Peer thinks American Water Works (AWK), which provides water and wastewater services to residential, commercial, and industrial customers in North America, looks cheap and is benefiting from the regulatory climate that supports higher rates.
Slightly more risky but worthy of attention is Calgon Carbon (CCC), which specializes in filtration equipment but also does mercury removal, which Peer says will be a big topic in 2010 and 2011. He also likes Insituform Technologies (INSU), which repairs sewers and water pipes with minimal digging up of streets and disruption of traffic. He expects to see repairs accelerate in some states because of underinvestment in recent years.
Manufacturing and Pharmaceutical Discharge
Brennan estimates that 70% of the 2 million miles of underground water pipes in the U.S. are beyond their useful life and need to be replaced. Water quality has declined over the past 50 years, with manufacturing discharge going into rivers and surface water, and bigger concentrations of prescription pharmaceuticals being discharged in wastewater. That will drive the need for wastewater treatment and other water-purification services. Brennan expects the EPA to target those areas for improvement in the next couple of years.Bozena Jankowska, who co-manages the $53 million Allianz RCM Global Water Fund (AWTAX), focuses primarily on water utilities in view of the relative shortage of other pure-play water stocks. That's mostly a result of industry consolidation in recent years, in which smaller technology manufacturers have been swallowed up by conglomerates such as GE, Siemens (SI), and ITT (ITT).
"So if you want to invest in technology, you're getting other types of products," she says. "If you buy ITT, you're getting part defense, part water pumps. At Danaher (DHR), industrial technology [generates just] 25.7% of total revenue and includes water technology, while the remainder is medical technology."
Utilities are a good way to capitalize on the global growth prospects of water because of the need to replace aging infrastructure and build new systems in emerging markets, as well as the need to comply with tighter environmental standards, says Jankowska. Growing awareness in the U.S. of the need to invest in infrastructure is prompting regulators to approve higher rates for public water utilities, which will enable them to replace equipment and should improve returns over time, she says.
Water utilities are expected to spend up to $1 trillion over the next 20 years to improve their systems, according to Neil Berlant, lead manager of the PFW Water Fund (PFWAX). He says he avoids utilities entirely on a belief that none of the money these companies spend to improve their systems in order to meet tougher local and state regulations will result in higher revenues.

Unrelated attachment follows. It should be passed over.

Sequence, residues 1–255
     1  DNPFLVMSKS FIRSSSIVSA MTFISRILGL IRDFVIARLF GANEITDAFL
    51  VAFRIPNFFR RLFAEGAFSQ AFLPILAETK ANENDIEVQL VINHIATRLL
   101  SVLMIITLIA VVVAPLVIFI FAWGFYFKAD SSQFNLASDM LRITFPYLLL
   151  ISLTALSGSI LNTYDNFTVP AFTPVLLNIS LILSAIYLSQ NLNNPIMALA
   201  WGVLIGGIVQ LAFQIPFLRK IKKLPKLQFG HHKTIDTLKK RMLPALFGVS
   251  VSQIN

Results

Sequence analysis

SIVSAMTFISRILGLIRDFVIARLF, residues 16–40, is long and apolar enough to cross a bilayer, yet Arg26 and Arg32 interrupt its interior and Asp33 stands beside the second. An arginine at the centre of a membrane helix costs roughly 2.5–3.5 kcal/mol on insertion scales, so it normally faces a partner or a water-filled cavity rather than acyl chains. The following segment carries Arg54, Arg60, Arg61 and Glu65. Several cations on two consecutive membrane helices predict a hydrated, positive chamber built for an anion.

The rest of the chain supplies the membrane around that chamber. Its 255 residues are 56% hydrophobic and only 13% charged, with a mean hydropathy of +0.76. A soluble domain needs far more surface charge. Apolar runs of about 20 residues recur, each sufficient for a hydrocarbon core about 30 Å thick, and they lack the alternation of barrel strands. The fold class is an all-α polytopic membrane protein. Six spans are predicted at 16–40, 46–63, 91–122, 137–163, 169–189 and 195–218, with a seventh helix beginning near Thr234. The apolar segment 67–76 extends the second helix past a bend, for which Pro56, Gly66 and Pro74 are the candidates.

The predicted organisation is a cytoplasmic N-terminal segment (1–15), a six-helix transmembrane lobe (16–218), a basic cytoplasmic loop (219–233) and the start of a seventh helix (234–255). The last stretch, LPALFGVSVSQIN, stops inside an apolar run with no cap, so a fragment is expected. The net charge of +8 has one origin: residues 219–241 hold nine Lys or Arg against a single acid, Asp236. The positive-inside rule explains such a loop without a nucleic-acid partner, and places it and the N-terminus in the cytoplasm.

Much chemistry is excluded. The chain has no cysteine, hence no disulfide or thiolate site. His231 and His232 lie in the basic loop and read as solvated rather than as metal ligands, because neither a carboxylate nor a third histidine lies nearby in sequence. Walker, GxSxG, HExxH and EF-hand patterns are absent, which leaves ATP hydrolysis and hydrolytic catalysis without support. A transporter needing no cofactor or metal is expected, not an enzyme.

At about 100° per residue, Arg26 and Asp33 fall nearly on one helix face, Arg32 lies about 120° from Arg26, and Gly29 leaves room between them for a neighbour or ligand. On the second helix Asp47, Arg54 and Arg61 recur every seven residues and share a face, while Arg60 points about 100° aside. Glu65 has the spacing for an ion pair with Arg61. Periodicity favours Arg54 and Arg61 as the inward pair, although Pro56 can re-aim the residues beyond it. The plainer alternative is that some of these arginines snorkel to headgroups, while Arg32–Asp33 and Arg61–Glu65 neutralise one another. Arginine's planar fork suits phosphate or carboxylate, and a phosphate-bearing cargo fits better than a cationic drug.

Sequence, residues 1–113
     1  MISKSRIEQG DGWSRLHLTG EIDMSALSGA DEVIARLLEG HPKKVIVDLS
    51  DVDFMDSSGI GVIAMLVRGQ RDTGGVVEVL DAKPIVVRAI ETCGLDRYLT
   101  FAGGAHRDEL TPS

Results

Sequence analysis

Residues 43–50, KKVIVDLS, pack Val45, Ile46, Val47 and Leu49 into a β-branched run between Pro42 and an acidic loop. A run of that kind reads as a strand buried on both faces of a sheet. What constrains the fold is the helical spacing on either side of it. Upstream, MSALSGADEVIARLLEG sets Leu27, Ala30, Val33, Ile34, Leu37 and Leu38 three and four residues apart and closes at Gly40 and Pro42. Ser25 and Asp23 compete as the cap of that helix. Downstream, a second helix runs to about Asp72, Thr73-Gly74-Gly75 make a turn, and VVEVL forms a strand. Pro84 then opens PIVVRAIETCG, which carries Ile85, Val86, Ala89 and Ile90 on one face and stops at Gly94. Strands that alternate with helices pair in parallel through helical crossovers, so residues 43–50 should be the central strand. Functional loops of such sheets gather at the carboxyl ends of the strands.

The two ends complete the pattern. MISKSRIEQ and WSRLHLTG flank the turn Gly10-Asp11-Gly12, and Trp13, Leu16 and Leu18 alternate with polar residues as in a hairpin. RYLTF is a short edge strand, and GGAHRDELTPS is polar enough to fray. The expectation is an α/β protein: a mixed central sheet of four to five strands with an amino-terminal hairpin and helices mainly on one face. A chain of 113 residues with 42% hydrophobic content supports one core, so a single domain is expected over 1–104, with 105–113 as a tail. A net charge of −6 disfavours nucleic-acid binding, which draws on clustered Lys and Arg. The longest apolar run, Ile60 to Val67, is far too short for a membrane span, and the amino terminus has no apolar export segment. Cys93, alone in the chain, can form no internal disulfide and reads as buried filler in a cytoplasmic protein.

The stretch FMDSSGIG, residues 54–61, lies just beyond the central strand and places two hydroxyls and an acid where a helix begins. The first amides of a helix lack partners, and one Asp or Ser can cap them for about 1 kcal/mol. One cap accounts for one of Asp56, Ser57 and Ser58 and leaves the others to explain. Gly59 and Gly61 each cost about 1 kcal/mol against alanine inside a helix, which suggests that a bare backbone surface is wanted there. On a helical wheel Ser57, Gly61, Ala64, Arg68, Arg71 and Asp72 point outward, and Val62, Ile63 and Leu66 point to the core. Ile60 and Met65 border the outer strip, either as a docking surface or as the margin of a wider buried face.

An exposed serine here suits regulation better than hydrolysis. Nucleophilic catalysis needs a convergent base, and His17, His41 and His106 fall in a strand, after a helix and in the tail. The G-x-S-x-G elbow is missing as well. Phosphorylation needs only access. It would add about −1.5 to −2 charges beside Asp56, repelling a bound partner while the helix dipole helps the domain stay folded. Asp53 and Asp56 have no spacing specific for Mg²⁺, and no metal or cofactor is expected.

But Isn't Access to Clean Water a Human Right? True, utilities will have to charge higher prices to pay for their capital spending, but that in turn will drive consumers—both households and manufacturers—to look for ways to cut down on their usage, which will only exacerbate the problem for utilities, he says. While water utilities have "enormous opportunities," when it comes to "parlay[ing] an explosion of interest in water, I don't see them as primary candidates for [investment]," says Berlant. "Their prospects, by and large, are nowhere near those of companies they have to purchase from, like pump makers and filter makers."
Another challenge utilities face comes from the growing trend by states such as Connecticut and other countries to declare access to affordable, clean water and sanitation a human right. What the pricing implications are for utilities whose business it is to supply water is one issue the Interfaith Center on Corporate Responsibility is flagging in a new report that scores public and private utilities on 21 key disclosure issues.
Berlant prefers technology companies such as Energy Recovery (ERII), whose products can remove salt from water in a much less energy-intensive way. That should attract money from socially responsible investment managers. But at nearly 36 times projected 2009 earnings and more than 24 times estimated 2010 earnings, it's too expensive for some fund managers, including Jankowska.
Indeed, one good bet for the future is that water—and the shares of the companies that supply it and make it fit for human consumption—will become more costly as the world's thirst for the life-giving liquid intensifies.